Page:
Election stressing you out? Here are some practical solutions.

The 2016 presidential election is taking a toll on many Americans sense of well-being. The American Psychological Association has some suggestions to avoid becoming emotionally entrenched in the fray.

Bob Leverone/AP
Some football fans explore a lighter take on what a majority of American adults are finding to be a stressful election.

In the face of one of America’s most drawn-out, vitriolic, and divisive presidential election seasons in living memory, more than half of the nation’s adults say the election is significantly stressful to them.

But there might be some wise ways of avoiding that stress, according to the American Psychological Association.

The APA issued a set of recommendations aimed at helping citizens preserve their well-being in response to a survey it carried out that found that 52 percent of adults said the 2016 election season was a “very,” or “somewhat significant” source of stress for them. The recommendations include things like limiting media consumption and getting involved serving community.

It seems the burden of election stress falls equally on both sides of the political aisle.

“We’re seeing that it doesn’t matter whether you’re registered as a Democrat or Republican – US adults say they are experiencing significant stress from the current election,” Lynn Bufka, APA’s associate executive director for practice research and policy said in a statement.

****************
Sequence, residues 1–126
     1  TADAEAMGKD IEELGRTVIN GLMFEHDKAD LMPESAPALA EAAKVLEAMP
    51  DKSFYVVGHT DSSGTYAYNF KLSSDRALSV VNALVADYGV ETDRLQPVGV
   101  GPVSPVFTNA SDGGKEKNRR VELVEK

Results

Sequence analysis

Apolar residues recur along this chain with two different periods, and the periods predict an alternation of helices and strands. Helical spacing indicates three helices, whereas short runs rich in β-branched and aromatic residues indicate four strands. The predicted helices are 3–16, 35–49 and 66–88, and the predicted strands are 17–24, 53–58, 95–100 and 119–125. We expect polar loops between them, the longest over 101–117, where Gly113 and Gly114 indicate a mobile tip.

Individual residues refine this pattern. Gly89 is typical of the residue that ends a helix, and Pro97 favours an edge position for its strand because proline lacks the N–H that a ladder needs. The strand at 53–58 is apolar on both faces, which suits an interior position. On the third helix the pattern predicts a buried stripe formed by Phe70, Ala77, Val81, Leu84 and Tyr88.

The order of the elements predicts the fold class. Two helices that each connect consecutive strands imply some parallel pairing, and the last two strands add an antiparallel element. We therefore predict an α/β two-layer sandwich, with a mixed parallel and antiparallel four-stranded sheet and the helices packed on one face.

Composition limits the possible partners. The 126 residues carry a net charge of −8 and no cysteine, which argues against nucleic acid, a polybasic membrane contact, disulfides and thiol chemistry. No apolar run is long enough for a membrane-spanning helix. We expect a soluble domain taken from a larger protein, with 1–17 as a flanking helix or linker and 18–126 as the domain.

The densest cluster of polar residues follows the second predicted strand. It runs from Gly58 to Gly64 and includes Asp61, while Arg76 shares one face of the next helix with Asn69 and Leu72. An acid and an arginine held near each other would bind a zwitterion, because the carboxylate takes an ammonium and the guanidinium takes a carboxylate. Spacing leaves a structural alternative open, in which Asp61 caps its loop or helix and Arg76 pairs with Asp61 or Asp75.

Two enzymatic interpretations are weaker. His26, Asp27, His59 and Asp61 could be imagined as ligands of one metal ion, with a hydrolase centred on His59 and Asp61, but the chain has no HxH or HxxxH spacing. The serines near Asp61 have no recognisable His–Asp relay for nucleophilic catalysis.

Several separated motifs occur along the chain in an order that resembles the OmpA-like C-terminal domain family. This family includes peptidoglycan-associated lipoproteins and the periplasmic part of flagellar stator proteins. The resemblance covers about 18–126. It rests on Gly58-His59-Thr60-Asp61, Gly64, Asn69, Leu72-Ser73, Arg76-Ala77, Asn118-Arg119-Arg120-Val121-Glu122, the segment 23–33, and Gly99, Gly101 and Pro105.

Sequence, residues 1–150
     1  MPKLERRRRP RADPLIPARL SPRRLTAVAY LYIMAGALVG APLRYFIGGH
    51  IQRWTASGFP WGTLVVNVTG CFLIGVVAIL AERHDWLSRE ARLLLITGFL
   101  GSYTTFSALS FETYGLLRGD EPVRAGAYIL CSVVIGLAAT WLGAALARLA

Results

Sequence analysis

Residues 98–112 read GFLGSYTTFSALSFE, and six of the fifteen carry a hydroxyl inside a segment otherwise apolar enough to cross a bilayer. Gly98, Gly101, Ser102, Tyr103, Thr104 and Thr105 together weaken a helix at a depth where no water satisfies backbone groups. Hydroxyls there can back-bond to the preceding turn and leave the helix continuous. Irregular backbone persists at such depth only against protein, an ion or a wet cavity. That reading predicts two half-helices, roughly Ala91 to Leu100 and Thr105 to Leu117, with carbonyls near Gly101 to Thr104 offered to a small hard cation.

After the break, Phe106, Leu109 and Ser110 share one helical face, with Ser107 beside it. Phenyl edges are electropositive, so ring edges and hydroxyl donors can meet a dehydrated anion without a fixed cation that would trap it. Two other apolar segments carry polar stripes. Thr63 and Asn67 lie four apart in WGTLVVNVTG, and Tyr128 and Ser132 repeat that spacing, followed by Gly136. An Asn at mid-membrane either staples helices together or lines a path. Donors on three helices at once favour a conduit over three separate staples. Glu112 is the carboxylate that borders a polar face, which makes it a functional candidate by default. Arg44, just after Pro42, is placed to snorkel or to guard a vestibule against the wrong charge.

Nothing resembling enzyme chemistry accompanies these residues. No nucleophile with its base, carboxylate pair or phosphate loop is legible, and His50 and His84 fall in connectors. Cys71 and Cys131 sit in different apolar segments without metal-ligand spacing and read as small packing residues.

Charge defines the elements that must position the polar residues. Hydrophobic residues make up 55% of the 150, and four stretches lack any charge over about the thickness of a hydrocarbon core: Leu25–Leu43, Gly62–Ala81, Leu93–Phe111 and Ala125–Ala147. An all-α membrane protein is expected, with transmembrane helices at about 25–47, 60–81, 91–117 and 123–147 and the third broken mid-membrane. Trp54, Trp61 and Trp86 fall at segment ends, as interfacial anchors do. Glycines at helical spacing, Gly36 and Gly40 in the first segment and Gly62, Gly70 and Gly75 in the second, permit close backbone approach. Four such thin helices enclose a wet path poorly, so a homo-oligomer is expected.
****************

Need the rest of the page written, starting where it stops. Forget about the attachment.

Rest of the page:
The APA found that social media was a particularly common source of stress, with adults who use it more likely (at 54 percent) than those who don’t (at 45 percent) to find the election stressful.

“Election stress becomes exacerbated by arguments, stories, images and video on social media that can heighten concern and frustration, particularly with thousands of comments that can range from factual to hostile or even inflammatory,” Dr. Bufka said.

The study also found that Millennials (ages 19-37) and so-called “matures” (over 71) were more likely to find the election stressful than the generations in between.

In brief, the APA suggestions are:

  • Read just enough to stay informed without getting caught-up in the 24-hour news cycle, and spend time with friends and family doing things you enjoy instead.
  • Find balanced information on all candidates before voting and avoiding "catastrophizing" about the election result.
  • Vote, as it is a proactive way of contributing to democracy.
  • Avoid political discussions that have the potential to get heated and be aware of how much you are discussing politics.
  • Instead of being transfixed by stress, energies would be better channeled by working to make positive changes on issues you care about.
  • Remember that life will go on regardless of the election result.
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